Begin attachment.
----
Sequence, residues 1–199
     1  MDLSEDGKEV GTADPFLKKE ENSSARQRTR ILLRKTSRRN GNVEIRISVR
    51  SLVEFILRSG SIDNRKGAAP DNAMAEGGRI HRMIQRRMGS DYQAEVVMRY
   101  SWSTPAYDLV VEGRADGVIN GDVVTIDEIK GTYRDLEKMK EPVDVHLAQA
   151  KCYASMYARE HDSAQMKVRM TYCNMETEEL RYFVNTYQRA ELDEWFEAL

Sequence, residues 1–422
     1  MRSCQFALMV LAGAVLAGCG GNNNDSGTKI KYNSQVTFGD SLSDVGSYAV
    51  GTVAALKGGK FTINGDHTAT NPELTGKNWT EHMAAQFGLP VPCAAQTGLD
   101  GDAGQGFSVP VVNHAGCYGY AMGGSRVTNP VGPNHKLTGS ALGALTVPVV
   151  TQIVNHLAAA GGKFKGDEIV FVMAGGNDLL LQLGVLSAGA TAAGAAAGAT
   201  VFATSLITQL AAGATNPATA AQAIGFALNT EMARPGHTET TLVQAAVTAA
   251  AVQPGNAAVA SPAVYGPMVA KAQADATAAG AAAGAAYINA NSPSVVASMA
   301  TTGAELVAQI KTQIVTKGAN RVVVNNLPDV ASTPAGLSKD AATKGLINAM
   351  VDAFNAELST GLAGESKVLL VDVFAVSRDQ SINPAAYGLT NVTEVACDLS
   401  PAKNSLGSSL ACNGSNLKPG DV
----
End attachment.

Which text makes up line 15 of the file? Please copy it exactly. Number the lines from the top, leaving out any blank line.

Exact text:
   401  PAKNSLGSSL ACNGSNLKPG DV